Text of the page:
A device that mitigates hair loss during cancer treatment has been recognized as medical equipment and will likely be introduced around Japan in July.

Century Medical Inc.’s Paxman Scalp Cooling System is the first such equipment to receive the recognition.

The device applies a liquid at minus 4 degrees through a dedicated cap to the head of the patient.

The temperature of the scalp remains low from before the start of the anti-cancer drug administration to after the end of the therapy.

The cooling eases the negative effects of anti-cancer drugs on hair producing cells.

Certain kinds of anti-cancer agents cause hair loss among patients. The side effect is described as one of the most traumatic associated with the therapy.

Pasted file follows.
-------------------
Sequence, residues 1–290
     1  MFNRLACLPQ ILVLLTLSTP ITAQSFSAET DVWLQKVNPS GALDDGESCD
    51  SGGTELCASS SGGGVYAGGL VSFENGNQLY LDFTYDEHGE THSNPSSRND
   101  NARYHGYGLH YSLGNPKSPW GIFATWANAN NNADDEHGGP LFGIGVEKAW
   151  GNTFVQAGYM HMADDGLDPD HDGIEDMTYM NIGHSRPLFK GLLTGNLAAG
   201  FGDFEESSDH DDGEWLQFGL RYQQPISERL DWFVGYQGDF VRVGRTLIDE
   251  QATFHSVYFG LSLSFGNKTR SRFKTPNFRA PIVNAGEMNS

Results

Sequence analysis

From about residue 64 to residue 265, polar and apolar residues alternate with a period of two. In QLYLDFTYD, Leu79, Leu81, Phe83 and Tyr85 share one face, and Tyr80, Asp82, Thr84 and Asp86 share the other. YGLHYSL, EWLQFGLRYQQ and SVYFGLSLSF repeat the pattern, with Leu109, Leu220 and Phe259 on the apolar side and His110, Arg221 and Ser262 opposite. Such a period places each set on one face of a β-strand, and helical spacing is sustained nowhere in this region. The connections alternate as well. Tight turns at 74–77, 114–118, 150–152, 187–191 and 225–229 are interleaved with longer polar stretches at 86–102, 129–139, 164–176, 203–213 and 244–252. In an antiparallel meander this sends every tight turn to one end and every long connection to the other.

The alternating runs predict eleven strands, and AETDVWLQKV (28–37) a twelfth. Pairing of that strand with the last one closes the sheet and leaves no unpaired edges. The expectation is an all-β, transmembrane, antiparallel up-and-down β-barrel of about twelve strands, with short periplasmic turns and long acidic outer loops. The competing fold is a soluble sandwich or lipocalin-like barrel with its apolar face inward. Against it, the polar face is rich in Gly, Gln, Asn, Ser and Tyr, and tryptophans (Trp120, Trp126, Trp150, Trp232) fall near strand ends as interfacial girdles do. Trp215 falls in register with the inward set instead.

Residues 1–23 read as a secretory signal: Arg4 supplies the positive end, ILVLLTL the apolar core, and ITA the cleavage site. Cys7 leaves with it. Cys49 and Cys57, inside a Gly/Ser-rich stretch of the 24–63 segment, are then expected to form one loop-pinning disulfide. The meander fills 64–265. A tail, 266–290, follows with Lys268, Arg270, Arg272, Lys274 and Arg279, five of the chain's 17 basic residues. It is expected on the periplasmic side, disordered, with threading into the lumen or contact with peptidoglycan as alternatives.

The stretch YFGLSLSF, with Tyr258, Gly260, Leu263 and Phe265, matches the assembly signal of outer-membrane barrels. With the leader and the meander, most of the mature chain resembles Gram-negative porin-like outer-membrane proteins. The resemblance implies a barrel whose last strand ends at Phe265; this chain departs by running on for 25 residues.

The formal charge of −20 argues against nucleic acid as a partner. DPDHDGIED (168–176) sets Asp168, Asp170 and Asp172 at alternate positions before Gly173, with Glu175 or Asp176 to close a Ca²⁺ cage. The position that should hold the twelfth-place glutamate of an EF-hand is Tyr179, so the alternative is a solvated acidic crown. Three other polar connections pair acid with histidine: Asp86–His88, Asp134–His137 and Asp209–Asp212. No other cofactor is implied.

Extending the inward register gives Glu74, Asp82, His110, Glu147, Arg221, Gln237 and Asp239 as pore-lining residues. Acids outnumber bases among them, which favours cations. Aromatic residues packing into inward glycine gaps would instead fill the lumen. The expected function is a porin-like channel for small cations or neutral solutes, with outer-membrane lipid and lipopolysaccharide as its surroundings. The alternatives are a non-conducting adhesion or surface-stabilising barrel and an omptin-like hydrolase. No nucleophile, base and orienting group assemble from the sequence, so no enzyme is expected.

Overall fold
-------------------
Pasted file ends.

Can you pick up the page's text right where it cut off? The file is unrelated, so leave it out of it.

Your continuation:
“Some patients refuse to receive anti-cancer drug treatment simply because they can’t stand losing their hair,” said mammary gland surgeon Shozo Osumi at the Shikoku Cancer Center in Matsuyama. “The (new) equipment’s hair preservation effect is not entirely sufficient, but it is very good news that it has been approved.”

In a clinical trial for breast cancer patients in Japan, two doctors confirmed that eight of 30 patients who received the cooling liquid, or 26.7 percent, did not need wigs because less than 50 percent of their hair was lost during treatment.

The scalp cooling equipment has been approved for patients with breast tumors and other types of solid cancer.

Some medical facilities have already conducted clinical trials of the device.

Century Medical wants the clinical use of the system to be covered by public health insurance, but such details as how much patients should pay have yet to be decided.